One of the more remarkable things about bluegrass, swing, and various loosely or tightly associated modes is the fact that what practitioners do in the studio, with all the various electronic gimmicks and effects therein, they can do just as well and often better live. Harmonious Wail proves that beyond doubt, as Live at the Zelt Musik Festival is a dragon slayer. From the opening jitterbug of Swing that Thing to the follow-up slo-burn of Eat at Joe's, this ensemble has it nailed tighter than a submarine. Think I'm exaggerating? Stephane Grappelli, a living legend, happened to be at this gig, and when the band ducked into their repertoire, he remarked "They're playing my music!"…even though not one cut here was written by him. The guy recognized kindred spirits when he heard them.
The song roster is almost entirely standards and other classics, an exposition-revival that makes an interesting addition to this group's rather dazzling catalogue. Not just Maggie Delaney-Potthoff's enchanting voice but all the fierce chops that put the 'whoa!' back in 'wail'. Tico Tico is a great example, with Sims Delaney-Potthoff tearing the frets off his mandolin. The temper of the performance, though, ranges from the sensual tones of Swing Slow to quite a few barnburners and much in between, with scatting and vocal pyrotechnics a-plenty—no rock screaming, however, and quite well, thank you very much, for it.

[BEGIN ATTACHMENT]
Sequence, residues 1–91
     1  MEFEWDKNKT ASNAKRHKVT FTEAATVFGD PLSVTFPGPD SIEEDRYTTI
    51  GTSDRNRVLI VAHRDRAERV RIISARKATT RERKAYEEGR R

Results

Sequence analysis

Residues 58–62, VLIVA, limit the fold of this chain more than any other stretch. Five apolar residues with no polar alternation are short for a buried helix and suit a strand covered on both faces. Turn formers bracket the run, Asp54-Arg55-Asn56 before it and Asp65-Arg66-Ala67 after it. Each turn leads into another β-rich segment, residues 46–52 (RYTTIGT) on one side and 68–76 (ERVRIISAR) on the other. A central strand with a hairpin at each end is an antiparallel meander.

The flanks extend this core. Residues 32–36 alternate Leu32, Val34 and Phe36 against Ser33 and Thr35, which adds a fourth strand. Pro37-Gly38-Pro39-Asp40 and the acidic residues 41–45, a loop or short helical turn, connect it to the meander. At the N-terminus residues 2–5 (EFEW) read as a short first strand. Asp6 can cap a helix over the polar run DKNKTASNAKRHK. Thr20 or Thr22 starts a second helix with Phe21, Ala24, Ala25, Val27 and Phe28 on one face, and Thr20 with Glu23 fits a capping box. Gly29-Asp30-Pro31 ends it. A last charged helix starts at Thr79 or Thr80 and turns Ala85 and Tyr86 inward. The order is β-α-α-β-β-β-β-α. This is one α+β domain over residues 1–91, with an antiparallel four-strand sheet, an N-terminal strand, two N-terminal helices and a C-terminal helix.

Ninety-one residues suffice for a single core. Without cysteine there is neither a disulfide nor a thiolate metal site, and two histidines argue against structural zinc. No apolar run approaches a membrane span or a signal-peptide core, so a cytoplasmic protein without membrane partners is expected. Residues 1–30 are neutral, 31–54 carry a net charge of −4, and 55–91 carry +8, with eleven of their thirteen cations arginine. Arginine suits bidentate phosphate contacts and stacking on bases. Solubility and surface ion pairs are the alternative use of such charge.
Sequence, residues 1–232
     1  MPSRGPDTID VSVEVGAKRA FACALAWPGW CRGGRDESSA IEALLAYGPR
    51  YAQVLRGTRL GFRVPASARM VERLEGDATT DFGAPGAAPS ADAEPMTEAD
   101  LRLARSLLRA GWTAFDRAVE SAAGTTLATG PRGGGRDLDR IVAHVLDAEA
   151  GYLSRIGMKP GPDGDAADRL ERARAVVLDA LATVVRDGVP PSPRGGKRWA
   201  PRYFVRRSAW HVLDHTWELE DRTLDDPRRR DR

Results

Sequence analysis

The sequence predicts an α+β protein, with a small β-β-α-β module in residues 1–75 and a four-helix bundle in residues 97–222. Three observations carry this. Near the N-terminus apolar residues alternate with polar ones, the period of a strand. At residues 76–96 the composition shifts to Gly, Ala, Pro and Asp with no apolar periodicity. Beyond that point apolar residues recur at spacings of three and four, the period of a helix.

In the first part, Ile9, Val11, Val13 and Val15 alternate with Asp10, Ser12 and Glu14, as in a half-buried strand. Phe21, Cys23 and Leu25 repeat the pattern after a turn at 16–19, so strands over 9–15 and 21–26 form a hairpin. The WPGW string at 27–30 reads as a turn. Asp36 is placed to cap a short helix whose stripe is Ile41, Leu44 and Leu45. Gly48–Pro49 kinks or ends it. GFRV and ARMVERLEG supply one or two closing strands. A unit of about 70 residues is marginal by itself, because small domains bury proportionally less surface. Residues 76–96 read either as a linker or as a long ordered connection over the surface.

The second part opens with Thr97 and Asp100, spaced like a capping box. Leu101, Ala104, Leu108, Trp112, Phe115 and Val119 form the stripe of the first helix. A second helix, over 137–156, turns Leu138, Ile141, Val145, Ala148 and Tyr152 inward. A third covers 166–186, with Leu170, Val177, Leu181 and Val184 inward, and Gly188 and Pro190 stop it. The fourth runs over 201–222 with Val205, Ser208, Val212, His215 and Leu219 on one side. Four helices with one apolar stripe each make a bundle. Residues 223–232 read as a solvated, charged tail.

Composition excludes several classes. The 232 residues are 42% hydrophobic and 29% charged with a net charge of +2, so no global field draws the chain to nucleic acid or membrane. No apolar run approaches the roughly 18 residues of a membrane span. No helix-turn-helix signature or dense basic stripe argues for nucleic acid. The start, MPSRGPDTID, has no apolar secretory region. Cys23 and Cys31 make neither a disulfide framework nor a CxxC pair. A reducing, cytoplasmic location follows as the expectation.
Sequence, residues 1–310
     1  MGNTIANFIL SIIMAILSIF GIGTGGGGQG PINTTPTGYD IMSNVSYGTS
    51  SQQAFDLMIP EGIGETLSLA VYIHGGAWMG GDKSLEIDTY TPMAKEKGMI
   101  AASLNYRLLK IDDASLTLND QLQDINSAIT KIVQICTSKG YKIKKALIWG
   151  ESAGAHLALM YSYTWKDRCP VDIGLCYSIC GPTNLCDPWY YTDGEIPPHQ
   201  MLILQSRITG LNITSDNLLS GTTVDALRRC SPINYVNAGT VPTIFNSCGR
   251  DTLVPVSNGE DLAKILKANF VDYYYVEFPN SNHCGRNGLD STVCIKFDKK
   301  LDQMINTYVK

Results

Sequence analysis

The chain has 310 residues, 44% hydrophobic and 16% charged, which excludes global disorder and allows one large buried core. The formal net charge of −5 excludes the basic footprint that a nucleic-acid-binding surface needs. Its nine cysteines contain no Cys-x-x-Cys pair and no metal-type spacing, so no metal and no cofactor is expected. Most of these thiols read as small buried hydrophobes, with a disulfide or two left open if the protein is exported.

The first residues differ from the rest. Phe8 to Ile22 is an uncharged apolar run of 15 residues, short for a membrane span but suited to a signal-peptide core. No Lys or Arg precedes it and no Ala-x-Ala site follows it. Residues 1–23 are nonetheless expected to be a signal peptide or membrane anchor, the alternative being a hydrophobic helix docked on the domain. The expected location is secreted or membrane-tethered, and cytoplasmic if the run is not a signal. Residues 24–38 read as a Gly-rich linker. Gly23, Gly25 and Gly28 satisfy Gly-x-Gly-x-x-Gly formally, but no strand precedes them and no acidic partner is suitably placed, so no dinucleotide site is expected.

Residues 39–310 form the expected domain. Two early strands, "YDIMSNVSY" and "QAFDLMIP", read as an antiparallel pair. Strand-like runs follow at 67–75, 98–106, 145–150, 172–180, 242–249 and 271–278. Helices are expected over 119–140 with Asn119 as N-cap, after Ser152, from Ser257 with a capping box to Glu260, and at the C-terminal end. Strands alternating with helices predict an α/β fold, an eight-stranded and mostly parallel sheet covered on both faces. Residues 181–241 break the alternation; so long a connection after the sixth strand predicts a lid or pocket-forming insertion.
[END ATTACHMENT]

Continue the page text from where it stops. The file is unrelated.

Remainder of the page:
Interestingly, this CD is really much more a showcase for the general style than for the group, as there's a glass museum of purity contained throughout the disc in all available ways, from folky get-togethers to scorching chops fests to the grand meeting of all the Celtic, Balkan, Appalachian modes, to jokey interludes, period Americanisms, and various old-time strains. Though the background crowd noise is panned down, you can tell there are lusty responses to the repertoire, and them there Germans, not to mention all the flanking Euro drop-ins, is well knowed for their love of good ol' roustabout refrains; thus, the decision to travel the waves and arrive at the Zelt Fest was a good one. Wouldn't surprise me a bit, in fact, if it got them a better audience there than here. We do tend to be a bit behind in such things.
This is one of four reviews of Harmonious Wail releases. For the remainder, see here, here, and here.
Edited by: David N. Pyles
Copyright 2011, Peterborough Folk Music Society.
This review may be reprinted with prior permission and attribution.
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